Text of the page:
Highlights of the 2016 Western Canadian Dairy Seminar
I had the opportunity to attend and present at the 2016 Western Canadian Dairy Seminar in Red Deer, Alberta in March 2016. This was the fourth time I’ve attended this event, and I always come home impressed by the excellent program and great audience. There were 897 registrants this year and at least half of the attendees were dairy producers. Attendees are engaged and ask excellent questions; lots of networking and discussions take place during breaks and meals and at the end of the day. In this article I highlight a few of the topics included on the program this year.
Many presentations focused on the transition cow. We have improved transition cow management and nutrition in recent years, but it is still the most critical time in the life of a dairy cow. Various topics related to nutrition were discussed:
- What is the ideal carbohydrate mix for fresh cows? Heather Dann, Miner Institute, told the audience that a fresh cow needs an appropriate balance of fermentable carbohydrates - starch, sugar and fiber - that provide the energy she needs and maintain rumen health. Higher starch diets in the fresh period increase risk for ruminal acidosis and chronic inflammation. If a cow stays too long in the fresh pen being fed a less fermentable diet, she can't eat enough because of gut fill and is at risk for ketosis. It is important to use highly digestible fiber sources when lower starch diets are fed.
- Rumination in dairy cows. Trevor DeVries, University of Guelph, pointed out many aspects of rumination in dairy cows. Cows ruminate about 8 hours per day and produce about 25 gallons of saliva a day. He suggested that monitoring daily rumination time can help us identify cows at risk for transition disorders and predict calving time. This can be more easily and accurately done today because commercial rumination monitors are available.
- What about glucose in early lactation? Matthew Lucy, University of Missouri, reminded us of how much glucose a fresh cow needs (8 to 16 pounds for milk production alone!) and pointed out that providing glucose precursors such as propylene glycol to ketotic cows will help improve their reproductive performance.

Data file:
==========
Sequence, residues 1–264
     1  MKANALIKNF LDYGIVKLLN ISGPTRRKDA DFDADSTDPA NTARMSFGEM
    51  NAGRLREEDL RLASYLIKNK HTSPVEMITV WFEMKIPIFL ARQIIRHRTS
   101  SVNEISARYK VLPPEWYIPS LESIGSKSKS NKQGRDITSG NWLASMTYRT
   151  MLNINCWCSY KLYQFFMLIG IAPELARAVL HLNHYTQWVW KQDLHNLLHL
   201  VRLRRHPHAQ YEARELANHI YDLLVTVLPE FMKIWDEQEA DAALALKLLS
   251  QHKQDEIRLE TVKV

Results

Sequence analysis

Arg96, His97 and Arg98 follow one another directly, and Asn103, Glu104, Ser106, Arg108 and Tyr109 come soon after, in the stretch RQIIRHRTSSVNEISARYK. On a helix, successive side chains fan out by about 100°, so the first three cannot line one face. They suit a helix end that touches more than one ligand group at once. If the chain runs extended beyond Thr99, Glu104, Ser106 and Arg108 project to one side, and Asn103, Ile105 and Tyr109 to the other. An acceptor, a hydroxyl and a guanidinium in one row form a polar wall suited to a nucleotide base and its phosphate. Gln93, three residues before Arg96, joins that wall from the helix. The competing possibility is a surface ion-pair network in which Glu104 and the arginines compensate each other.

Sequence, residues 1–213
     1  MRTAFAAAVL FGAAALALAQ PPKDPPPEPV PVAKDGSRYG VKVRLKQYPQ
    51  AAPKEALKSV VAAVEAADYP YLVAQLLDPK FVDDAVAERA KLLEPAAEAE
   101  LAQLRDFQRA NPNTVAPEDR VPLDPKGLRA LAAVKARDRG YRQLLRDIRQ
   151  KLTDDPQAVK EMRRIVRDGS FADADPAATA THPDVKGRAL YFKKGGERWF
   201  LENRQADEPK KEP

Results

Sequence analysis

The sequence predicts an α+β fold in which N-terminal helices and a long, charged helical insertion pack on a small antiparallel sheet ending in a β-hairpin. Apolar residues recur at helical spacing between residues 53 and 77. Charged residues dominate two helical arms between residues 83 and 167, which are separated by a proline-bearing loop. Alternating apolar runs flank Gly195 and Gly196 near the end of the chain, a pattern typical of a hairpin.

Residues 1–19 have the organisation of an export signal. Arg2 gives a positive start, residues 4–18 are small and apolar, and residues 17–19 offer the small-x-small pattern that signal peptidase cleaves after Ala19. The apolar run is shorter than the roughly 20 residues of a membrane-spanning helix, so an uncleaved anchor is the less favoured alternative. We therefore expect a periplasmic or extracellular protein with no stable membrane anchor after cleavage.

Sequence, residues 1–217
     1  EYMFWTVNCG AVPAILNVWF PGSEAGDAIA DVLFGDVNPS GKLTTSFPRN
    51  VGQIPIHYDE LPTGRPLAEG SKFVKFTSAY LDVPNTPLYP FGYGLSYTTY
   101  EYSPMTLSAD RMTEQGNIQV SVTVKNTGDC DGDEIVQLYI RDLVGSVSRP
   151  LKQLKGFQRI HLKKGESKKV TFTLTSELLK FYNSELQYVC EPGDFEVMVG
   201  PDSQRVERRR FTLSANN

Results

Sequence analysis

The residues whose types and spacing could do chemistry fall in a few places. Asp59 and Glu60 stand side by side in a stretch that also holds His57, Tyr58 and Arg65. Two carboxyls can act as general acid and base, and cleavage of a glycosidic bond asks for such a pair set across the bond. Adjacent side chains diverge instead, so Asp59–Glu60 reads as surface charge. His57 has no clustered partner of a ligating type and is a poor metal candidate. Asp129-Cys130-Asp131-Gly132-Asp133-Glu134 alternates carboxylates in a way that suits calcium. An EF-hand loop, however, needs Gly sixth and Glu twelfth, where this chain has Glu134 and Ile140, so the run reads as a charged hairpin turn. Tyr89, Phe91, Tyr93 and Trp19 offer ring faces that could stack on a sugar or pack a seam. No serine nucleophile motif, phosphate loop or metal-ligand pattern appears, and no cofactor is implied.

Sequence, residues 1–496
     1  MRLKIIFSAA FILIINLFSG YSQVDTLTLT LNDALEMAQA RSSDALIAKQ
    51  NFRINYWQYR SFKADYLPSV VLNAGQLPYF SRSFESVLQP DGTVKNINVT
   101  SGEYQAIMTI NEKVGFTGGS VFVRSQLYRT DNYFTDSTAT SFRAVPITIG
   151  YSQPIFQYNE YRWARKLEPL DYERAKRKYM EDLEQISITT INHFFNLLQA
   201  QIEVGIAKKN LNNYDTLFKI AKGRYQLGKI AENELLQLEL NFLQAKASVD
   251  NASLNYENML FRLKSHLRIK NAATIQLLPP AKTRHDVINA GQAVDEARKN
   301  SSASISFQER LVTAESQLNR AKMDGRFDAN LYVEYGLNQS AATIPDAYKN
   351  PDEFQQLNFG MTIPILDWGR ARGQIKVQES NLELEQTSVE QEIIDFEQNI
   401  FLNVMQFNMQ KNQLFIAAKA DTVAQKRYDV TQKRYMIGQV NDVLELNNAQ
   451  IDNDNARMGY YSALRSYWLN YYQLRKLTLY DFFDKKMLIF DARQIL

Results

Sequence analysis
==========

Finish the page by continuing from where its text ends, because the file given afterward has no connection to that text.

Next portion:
- What is the ideal body condition score (BCS) at calving? Jim Drackley, University of Illinois, suggests that high producing Holstein cows should have a BCS at calving not greater than 3. This results in less body condition loss at freshening. High BCS at calving can actually exacerbate negative energy balance in early lactation rather than preventing it. From the standpoint of management, a fat cow is a greater welfare risk than a thinner cow.
- What is the protein requirement of the close-up dry cow? Robert Van Saun, Penn State University, suggested feeding 90 to 100 grams of metabolizable protein (MP) per kilogram of dry matter so that each cow in a group gets at least 1100 grams of MP per day. Recent research indicates that supplementing methionine in late gestation can help improve health and immune status.
In the area of precision dairy farming, Ben Smink, Lely, gave the attendees a list of 7 steps of a management circle to optimize the use of robotic milking systems: vision, design, goal, observe, analyze, adjust, and evaluate. Then go back to step 3 and continuously improve. Require advisors to provide a scenario rather than just single step advice. With Lely systems, free cow traffic resulted in 2.2 pounds more milk per cow per day than guided traffic. Pens with more than one robot produced 130 pounds more milk per robot per day than pens with just one robot.
My message to the attendees about being successful with automated calf feeders was to have excellent colostrum management, maintain small group sizes, design pens with good ventilation and no drafts, feed at least 8 liters of high quality milk daily (as peak amount), provide clean and comfortable bedding, clean and calibrate automated feeder regularly, clean/replace nipples and hoses regularly (daily and every other day, respectively) and overall keys to success: clean, clean, clean.
On the topic of digital dermatitis, Dorte Dopfer, University of Wisconsin, indicated that chronic digital dermatitis is for life. Cows will cycle between stages of the disease. We need to recognize early and treat promptly! The first sign of success is to observe less proliferative digital dermatitis. Karin Orsei, University of Calgary, reiterated the need for ideal footbath design (longer than 10 feet, so cows can immerse each hoof more than once) to help us reduce lameness caused by infectious diseases such as digital dermatitis.
Other topics were also covered during the event. Proceedings will be available online sometime in the near future at www.wcds.ca.